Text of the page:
3) It’s going to cost my Danish citizen husband 2,880 DKK ($483.16) to apply.  That’s just to apply.  If I’m denied, no refund.  If I get through, we get to do this again in a year or two or maybe, if I’m really lucky, three years.  Because the taxes that he pays are for Danish citizens who DIDN’T marry foreigners (excepting the royal family, who are free to marry any damn foreigner they want), so Danish spouses wanting to keep their dirty foreign wives had better be prepared to pay for that privilege. 

4) Biometric cards.  I have to present myself at either the center for immigration or one of a few selected police stations to be photographed and fingerprinted.  For my special identity card.  I didn’t have to be biometricked (new word, Webster!) for my driver’s license or for my Danish social security card.  But you know how us Family Reunification immigrants are, always stealing shit and leaving fingerprints…

Now I’ve been one to counsel patience for this government.  I know government moves slowly and in Denmark, where nothing happens unless there is a consensus, getting 89 Danes to agree to anything is a miracle (that’s a basic majority in the Parliament).   But I’m feeling a bit hoodwinked.  Sure, they softened the requirements to get the temporary residency visa for family reunification (I mentioned this above, it was a moment we all cheered that our team sucked a little less this year).  But then they stopped.  And added the biometric cards.  Yes, this government added the biometric card.  In May.  (If you have applied for extension but not gotten it before May 20th, you will have to go be biometricked.  This ends your public service announcement.)  Instead of continuing with immigration reform, they’ve hammered out a tax reform that no one likes, forgotten that the last government’s border wars were still ongoing and that the EU Parliament is quite upset with Denmark.  (In case you haven’t been following, Denmark used the it’s presidency [which revolves between member states every 6 months] to change the EU laws so that it can do whatever it damn well wants without EU approval.)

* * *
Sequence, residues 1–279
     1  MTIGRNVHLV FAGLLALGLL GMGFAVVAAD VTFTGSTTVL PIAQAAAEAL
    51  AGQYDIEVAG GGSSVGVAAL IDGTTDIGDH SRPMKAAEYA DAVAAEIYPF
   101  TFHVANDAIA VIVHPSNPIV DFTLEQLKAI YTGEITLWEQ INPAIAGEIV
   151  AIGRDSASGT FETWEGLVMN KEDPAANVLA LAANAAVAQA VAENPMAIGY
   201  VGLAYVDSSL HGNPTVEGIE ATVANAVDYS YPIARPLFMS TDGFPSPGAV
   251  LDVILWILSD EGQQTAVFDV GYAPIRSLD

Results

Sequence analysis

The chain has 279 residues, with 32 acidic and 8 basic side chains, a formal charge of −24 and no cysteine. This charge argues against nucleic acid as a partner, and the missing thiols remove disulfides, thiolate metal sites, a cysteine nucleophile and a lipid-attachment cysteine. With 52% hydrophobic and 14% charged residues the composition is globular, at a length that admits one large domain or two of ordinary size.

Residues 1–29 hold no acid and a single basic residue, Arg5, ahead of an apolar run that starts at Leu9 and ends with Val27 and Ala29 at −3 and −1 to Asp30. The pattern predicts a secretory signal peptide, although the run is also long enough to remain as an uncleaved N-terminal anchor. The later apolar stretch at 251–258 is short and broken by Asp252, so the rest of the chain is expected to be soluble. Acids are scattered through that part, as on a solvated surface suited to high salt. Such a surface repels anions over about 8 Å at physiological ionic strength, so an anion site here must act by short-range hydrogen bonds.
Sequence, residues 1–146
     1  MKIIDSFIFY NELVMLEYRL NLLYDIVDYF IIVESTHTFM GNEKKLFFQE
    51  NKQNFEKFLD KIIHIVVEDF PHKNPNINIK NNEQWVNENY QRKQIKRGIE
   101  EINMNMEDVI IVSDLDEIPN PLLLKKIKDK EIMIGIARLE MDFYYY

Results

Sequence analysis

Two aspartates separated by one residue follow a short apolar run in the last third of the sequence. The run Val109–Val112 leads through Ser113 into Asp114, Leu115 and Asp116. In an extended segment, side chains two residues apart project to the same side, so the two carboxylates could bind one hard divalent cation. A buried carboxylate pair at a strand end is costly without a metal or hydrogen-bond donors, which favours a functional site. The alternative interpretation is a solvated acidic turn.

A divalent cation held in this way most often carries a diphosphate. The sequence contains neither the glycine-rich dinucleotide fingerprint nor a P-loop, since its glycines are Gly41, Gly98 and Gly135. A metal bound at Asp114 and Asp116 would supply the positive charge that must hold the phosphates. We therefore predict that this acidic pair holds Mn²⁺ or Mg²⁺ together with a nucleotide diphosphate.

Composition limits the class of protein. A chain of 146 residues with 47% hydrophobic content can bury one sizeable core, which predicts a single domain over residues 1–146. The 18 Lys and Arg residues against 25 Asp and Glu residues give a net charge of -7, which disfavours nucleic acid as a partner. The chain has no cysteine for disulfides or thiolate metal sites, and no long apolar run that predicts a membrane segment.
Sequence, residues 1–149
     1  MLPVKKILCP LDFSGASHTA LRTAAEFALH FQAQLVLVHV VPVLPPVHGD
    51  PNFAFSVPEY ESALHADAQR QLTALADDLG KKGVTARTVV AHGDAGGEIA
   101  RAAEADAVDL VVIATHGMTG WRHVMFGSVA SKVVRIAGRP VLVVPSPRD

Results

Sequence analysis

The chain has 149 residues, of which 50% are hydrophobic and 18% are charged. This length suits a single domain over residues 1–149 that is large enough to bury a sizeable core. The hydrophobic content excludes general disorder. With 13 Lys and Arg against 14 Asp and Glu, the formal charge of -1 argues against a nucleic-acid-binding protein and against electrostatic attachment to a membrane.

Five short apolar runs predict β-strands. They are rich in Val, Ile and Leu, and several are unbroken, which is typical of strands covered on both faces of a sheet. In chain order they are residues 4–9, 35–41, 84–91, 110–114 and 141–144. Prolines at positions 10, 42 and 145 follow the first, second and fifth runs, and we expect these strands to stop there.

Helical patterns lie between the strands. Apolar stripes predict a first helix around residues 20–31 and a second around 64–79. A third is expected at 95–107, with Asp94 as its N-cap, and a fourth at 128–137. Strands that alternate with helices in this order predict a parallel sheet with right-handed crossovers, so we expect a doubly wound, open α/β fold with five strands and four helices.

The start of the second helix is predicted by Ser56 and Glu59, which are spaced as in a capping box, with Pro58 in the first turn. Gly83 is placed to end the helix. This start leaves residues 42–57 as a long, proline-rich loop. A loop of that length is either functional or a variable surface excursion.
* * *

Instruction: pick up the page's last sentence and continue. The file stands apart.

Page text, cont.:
So there you have it.  Denmark is a pot of water heating up on the stove and we are the frogs, slowly being boiled to death.  It’s still currently more difficult and expensive to move elsewhere, but only just.

*Note: there’s been some talk of allowing education to count towards employment, but the rule still stands for “regular” family-reunification visa holders


  1. Anonymous11:01 AM

    Those effing pees! *HULK RAMPAGE*

    I feel like the best solution for everyone would be if an organisation was set up to rescue all the foreigners (and foreigner-enthusiast spouses), and get them to safety.

    Then Denmark can see how well it does with all the inbred boozers it does such a great job generating.

  2. Greetings from a soon-to-be-ex-Californian moving to Aarhus this month with a Danish husband (who has been happliy ensconced in various parts of the U.S. for the last 12+ years) and our little boys. We are almost done jumping through the hoops to secure my Danish temporary residence permit. Love the deposit that we have to pay (not into an interest-bearing account, natch; in fact, most Danish banks wanted to charge us for the privilege of allowing them to hold onto our hard-earned cash for 4 years while we can't touch it -- luckily we found a way to get around that racket) the fact that they wanted me to document my ability so speak Spanish and French so I could get some bonus silly. I have a doctorate, have been gainfully employed in a high-paying career for over a decade, got my undergraduate degree from a university in their "world's top 50" (or whatever it is they call it on that random ranking website), etc. -- so I think I had something like double the required minimum number of points required to allow me to even be considered for a permit. At this point, I'm thinking Denmark should pay *ME* for even considering living there for the next few years. :)

    We went through the reverse process to secure a green card for my husband in the U.S. and it wasn't bad at all. In fact, it was quite easy -- we did it ourselves, no lawyers required, no invasive questions, etc. Wishing you patience and strength to deal with the next application...

  3. Kathy, hear hear.

    My colleagues (and bosses) at work were so extremely surprised knowing that I didn't have Danish passport yet (Don't know why they think I have / want one). I told them that I couldn't even secure permanent residency yet. They have no idea how the rules were made to be difficult here.

  4. This Indonesian, I have been following your blog and loving it for years now and hope to join all of you soon enough on documenting my own experiences as a Danish immigrant. I credit all of you who have been sharing your own stories (the good, the bad, and the ugly) online with giving both me *and* my husband a very balanced preview of what we are up against, and ensuring I'm not going into this with rose-colored glasses. Heck, they are even making it challenging for my husband to have any enthusiasm about moving back at this point -- Skat has bent the rules (in their favor of course) to argue that he isn't eligible for the tax credit for foreigners or Danes who have lived outside of the country for 10 years. He has in fact lived outside of the country for over 10 years in the U.S., but one of those years he was a post-doc here and was told by Skat that he had to pay taxes to Denmark that year even though he was 100% resident in the U.S. -- simply because he had not sold his flat in Copenhagen. In retrospect, he should have been paying U.S. taxes that year and ownership of a flat there should have had no bearing on the tax situation for him. When he pointed that out to them, he was informed that because the case was now over X years old, Skat wouldn't even talk anymore about it. Lovely.


Keep it clean, don't be mean....